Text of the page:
Reminiscing Detroit
by Francis Till

Two
bit destinies
on the four dollar ride:
dislocating Detroit at the bar;
garish queens of apposite gender,
always quite nearly the stars,
consorts de trop as usual,
now ripping yesterdays
between sips, trips and the box.

There may be faces on which life lies lovely
as it fades away:
they are in some other room. Here it is
a crushing weight,
gravity’s mutter, framed in pores.

Between them, as though across the years,
the words move sotto, sibilant, suspended,
endlessly rehearsed.
Not an ounce of milk in the air:

       Do you remember
that countess; I cut her completely
dead at the afterwards party.
You were there,
weren’t you? Wasn’t that you at Tonio’s,
after? We watched
you dance with that odd old man; Julio?
Or something. Rich, but you said. . . .
       It was true, you know. I was never like you,
even then. Five thousand in his pocket, but I liked him
just for himself. Edward something, anyway,
you malicious bitch. My god, ’Julio,’ I’m dying.
       Anyway, darling, order me another, will you?
I left my checkbook at the hotel and they don’t take
plastic here.
       Bring him another, will you? On me. What
nights.
       Dear, we couldn’t get you off the bar;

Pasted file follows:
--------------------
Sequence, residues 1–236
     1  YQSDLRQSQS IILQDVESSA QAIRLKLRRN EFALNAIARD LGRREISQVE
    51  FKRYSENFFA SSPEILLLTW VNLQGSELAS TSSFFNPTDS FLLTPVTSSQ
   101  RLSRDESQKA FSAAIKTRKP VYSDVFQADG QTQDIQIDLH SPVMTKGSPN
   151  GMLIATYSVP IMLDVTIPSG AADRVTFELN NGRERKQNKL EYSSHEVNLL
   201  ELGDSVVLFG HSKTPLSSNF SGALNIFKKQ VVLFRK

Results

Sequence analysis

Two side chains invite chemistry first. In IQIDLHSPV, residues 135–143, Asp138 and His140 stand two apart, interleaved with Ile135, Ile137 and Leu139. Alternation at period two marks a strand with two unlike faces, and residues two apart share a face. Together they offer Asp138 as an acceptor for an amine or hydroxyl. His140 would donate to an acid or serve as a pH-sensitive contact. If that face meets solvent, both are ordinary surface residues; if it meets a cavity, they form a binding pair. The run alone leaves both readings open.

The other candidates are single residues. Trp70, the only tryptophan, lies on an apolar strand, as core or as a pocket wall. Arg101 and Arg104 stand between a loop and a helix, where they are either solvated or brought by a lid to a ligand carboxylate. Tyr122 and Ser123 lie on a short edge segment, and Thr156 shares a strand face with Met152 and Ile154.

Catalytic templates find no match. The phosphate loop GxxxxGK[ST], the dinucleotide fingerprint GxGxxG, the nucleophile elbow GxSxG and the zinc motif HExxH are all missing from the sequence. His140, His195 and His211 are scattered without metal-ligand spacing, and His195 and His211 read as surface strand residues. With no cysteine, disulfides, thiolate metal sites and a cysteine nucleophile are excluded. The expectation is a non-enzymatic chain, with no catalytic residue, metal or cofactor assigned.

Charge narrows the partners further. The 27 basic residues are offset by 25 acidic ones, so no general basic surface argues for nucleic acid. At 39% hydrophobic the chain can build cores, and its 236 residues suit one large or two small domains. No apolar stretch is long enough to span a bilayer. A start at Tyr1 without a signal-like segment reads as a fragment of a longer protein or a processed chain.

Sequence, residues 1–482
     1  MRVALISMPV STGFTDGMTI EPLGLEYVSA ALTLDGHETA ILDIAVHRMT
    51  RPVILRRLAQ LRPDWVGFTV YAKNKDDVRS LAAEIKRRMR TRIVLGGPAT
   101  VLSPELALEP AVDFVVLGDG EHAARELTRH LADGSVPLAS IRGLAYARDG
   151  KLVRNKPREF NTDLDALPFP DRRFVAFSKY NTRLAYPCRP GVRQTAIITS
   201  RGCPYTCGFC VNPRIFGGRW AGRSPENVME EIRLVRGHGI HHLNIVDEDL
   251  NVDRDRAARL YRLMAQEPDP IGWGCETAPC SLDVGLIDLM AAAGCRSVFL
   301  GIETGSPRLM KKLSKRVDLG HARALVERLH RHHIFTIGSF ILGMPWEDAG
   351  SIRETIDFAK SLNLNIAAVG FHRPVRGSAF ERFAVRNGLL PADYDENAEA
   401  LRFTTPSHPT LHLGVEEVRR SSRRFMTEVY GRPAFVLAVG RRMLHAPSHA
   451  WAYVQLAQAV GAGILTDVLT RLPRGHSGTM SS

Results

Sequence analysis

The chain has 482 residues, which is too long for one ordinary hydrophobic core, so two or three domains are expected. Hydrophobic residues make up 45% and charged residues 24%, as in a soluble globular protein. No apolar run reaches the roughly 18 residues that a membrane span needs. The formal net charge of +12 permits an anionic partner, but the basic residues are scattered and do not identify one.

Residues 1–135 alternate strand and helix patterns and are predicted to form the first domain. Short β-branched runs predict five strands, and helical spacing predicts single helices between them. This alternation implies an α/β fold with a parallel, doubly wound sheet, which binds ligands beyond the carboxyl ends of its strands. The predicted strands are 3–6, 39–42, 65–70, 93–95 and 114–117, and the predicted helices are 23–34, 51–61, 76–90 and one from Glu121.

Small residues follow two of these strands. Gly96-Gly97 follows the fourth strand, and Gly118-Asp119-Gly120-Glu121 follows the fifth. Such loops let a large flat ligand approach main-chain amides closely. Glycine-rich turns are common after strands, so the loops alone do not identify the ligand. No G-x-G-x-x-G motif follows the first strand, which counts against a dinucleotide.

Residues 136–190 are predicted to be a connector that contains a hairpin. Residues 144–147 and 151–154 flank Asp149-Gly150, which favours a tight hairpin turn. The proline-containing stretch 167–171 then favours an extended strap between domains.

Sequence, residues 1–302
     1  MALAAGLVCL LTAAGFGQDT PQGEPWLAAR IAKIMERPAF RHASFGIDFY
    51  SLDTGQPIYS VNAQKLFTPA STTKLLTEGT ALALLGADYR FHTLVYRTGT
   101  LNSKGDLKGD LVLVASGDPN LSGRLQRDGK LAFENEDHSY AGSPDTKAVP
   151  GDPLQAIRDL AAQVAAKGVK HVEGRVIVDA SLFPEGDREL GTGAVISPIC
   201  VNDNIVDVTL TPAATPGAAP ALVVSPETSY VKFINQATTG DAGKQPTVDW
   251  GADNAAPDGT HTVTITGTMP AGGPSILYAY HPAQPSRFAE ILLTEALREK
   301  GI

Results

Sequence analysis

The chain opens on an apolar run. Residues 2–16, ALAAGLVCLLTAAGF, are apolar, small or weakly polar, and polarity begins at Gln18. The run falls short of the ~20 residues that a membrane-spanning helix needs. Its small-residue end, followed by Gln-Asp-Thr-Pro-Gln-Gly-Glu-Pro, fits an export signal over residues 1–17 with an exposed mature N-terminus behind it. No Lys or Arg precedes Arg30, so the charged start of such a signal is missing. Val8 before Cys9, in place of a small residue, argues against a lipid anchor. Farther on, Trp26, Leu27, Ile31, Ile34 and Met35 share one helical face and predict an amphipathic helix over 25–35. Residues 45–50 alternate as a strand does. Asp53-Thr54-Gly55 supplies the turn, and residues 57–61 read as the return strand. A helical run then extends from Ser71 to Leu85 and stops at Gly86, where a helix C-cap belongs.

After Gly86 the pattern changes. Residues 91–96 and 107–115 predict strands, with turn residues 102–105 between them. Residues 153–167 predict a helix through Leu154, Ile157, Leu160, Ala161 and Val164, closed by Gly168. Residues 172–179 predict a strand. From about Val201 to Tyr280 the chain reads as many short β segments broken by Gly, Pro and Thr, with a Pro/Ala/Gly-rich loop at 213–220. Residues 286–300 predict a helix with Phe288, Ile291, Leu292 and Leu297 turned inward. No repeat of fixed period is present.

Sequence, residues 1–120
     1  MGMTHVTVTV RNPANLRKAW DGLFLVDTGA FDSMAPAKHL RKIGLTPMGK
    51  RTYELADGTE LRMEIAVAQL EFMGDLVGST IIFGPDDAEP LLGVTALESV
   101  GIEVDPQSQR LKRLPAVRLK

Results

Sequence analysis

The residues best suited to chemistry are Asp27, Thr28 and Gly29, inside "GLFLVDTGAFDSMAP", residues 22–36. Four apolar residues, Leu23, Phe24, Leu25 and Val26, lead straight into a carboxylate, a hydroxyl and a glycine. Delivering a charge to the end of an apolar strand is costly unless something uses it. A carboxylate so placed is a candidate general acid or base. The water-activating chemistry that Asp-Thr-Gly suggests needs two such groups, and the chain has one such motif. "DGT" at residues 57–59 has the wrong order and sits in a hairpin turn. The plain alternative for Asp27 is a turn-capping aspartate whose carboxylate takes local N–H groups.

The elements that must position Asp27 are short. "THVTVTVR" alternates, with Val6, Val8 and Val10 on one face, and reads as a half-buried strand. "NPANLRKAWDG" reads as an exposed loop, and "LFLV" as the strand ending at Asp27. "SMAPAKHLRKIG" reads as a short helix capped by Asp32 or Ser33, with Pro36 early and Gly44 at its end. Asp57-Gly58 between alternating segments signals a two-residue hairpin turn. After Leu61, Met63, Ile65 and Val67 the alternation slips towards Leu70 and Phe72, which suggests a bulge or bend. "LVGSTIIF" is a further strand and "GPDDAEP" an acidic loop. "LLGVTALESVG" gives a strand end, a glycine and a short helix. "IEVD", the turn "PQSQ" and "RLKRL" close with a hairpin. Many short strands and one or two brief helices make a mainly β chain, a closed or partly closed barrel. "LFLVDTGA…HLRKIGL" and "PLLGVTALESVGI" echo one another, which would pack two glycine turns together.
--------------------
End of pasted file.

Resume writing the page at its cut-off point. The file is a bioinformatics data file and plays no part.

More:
well, never before or since, I hear, and that dress.
You were so vulgar,
       it was just precious.

Someone to laugh at, someone to do;
his velvet jackets, her crushed chenille;
time, slipping by in stockings and silks,
all legs and lines: youth,
poseurs and the endless ride:
one more drink, a votre sante, encore my love;
it all stays open until we close;
it all stays open
until we close it down.

Like whisky gone bad in the barrel
as it bounces illegal downriver:
we take it as it comes:
a lyrical tuneless truth,
laughing; Johnny Mathis on the juke:
what can go wrong?
reminiscing with imagination,
filling in the gaps with lines and lines once done
at the bar: guns, indifferent men, women without
laughter, death creeping up on soundless wings
to take you without warning or butter
in the alley behind; your coffin
the ancient stench
in piss-stained walls. Surprise, lover: death.
No, death is no surprise at all,
not at Detroit after hours, not at, no, no , new
beginnings, yes, let’s not talk of that,
my god, the mirrors in this place,
you’d think with the price they charge
for these thin drinks they could do better; the old
queens raise a bridge in catty songs,
crossing back into a better time
when some things really mattered. Some
things seemed to matter. Falsies, makeup, charm.
Love.

Before you went
it seemed you had to go; having been,
you must return. Or there is nothing
left of what remains.

Two bit
destinies on the four dollar ride.
Full fare, no matter where
you’ve got to go, having been, this
comes back: these stools, the drinks, Detroit
dislocated...
memory infected forever with today gone by
best dreamed in pairs.

  

©1999 Francis Till

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